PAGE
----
This is the only Smiths cover (in my findings) whose photograph is altered—the soldier, featured in agit-prop filmmaker Emile de Antonio’s Vietnam conflict condemnation In the Year of the Pig, originally had a helmet bearing the words “make war not love.” Meat is Murder has the distinction of being the most overtly political—both in text and in imagery—cover in the Smiths catalog. Much of the Smiths’ commentary was in fact political, but in a social context. This cover reinforces the politicization of culture; that the statement of vegetarianism and animal rights is as significant as any war. Interestingly, the original pressing contained four squares of the image, yet another Warhol reference, sucking out the impact of the image through the device of repetition. (Fun fact: Antonio was once featured in a Warhol film himself, drinking about a pint of whiskey and passing out on a staircase, not-so-cleverly called Drunk).
The Queen Is Dead 
Probably the most famous Smiths record, The Queen Is Dead takes its cover from the 1965 Alain Cavalier film L’insoumis, the story of Thomas, a deserter from the French Foreign Legion now on the run, who comes to the aid of Dominique, a woman taken hostage by terrorists. Actor Alain Delon (who plays Thomas) is shown here in melancholic recline, caught between the French authorities and the terrorists who held Dominique captive. Out of context, it seems quintessentially Smiths—a brooding mix of passion and disinterestedness, buckling under a “world-is-too-much” weight.
Strangeways, Here We Come 
The only Smiths image in which we get a man’s full face (save the totally boring and incongruous The Very Best of the Smiths cover), but again, the eyes are turned shyly towards the floor. This photograph of Richard Davalos (who also graces the US versions of both Best compilations) was taken during the making of the 1955 Elia Kazan film East of Eden in which he played good brother Aron to James Dean’s wayward Cal. There’s something of the dutiful, refined sentiment of Davalos in the film that is expressed in the Smiths music—almost conservative about its presentation, but like the photograph, something reserved and smirking, a subtle and frustrating “in-joke” mentality that made their stance alternately appealing and forbidding.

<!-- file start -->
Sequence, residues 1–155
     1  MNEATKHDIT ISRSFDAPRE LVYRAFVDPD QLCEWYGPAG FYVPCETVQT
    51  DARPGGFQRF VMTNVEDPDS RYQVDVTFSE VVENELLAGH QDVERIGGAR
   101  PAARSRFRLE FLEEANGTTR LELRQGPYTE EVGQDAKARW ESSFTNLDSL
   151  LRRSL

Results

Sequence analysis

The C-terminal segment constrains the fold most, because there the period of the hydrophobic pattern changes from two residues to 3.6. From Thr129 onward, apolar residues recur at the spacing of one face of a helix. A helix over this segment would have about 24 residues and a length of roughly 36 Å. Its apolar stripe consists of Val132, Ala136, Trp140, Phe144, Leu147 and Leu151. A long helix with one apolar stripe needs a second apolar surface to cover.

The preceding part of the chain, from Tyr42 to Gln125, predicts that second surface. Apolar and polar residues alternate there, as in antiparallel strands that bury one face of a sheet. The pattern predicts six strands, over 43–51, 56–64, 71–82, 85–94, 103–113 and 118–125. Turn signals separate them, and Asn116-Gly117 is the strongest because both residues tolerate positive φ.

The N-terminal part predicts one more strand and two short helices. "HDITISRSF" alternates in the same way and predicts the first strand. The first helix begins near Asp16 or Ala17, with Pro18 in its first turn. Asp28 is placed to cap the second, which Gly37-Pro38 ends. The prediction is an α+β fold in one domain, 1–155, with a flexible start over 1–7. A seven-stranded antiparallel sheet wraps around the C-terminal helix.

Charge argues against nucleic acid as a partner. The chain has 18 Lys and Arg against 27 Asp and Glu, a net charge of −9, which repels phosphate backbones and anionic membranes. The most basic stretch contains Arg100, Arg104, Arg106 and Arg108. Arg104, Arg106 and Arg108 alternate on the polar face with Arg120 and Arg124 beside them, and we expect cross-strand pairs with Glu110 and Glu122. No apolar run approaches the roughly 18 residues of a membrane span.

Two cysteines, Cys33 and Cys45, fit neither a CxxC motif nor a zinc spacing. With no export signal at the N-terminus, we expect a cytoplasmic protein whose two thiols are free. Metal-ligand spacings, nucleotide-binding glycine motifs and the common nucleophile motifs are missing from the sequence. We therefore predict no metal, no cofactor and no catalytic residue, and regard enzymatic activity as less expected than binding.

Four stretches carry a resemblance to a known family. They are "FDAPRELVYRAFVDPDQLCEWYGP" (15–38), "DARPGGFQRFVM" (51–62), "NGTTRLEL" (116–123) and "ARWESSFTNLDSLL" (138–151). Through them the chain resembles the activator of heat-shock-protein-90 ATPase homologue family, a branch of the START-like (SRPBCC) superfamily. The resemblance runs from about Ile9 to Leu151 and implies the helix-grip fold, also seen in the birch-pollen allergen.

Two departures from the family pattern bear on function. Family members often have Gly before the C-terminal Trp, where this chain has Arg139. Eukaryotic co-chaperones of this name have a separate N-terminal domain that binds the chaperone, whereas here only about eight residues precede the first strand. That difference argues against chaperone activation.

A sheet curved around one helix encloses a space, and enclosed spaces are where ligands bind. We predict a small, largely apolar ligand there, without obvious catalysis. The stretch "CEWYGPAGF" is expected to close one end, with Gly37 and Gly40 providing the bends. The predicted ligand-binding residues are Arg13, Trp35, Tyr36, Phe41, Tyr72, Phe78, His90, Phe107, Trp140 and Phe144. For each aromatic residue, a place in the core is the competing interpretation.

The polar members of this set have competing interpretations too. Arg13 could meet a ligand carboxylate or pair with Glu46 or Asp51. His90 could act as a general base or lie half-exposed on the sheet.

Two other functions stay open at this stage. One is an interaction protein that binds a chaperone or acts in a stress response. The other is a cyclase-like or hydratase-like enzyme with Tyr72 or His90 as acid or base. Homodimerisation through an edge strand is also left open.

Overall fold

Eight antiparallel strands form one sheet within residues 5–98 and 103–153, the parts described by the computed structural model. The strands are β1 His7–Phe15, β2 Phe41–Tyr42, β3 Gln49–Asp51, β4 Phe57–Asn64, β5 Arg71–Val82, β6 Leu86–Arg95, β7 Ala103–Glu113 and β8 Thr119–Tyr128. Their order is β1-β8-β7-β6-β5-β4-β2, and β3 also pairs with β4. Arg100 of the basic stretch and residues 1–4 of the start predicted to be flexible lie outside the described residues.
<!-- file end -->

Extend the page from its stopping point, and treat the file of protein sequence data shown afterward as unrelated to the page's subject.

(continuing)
Louder Than Bombs 
Another collection, Louder Than Bombs has a photograph from the Saturday Evening Post of British playwright Shelagh Delaney. Delaney rose to prominence at a young age, authoring A Taste of Honey in 1957-58 at the age of 19. The performances received mixed reviews, both praised and criticized for its candid portrayal of British working class. The Smiths themselves were always strangely in tune with middle-class values (the name of the band, for one thing), creating an odd image of a prole-sophisticate, Morrissey tromping around with his jeans rolled up like the Mancunian dockworkers, with Wilde in hand.
The World Won’t Listen 
From Jurgen Vollmer’s book Rock n’ Roll Times, a lone teenager standing with his back to the camera, looking coolly into the street traffic with the grace of careless alienation—again, an image emblematic of the Smiths embrace of youthful rebellion and loneliness (sometimes to the point of parody). The stance is not altogether unlike the model on Hatful of Hollow, a kind of sad, drifting gaze.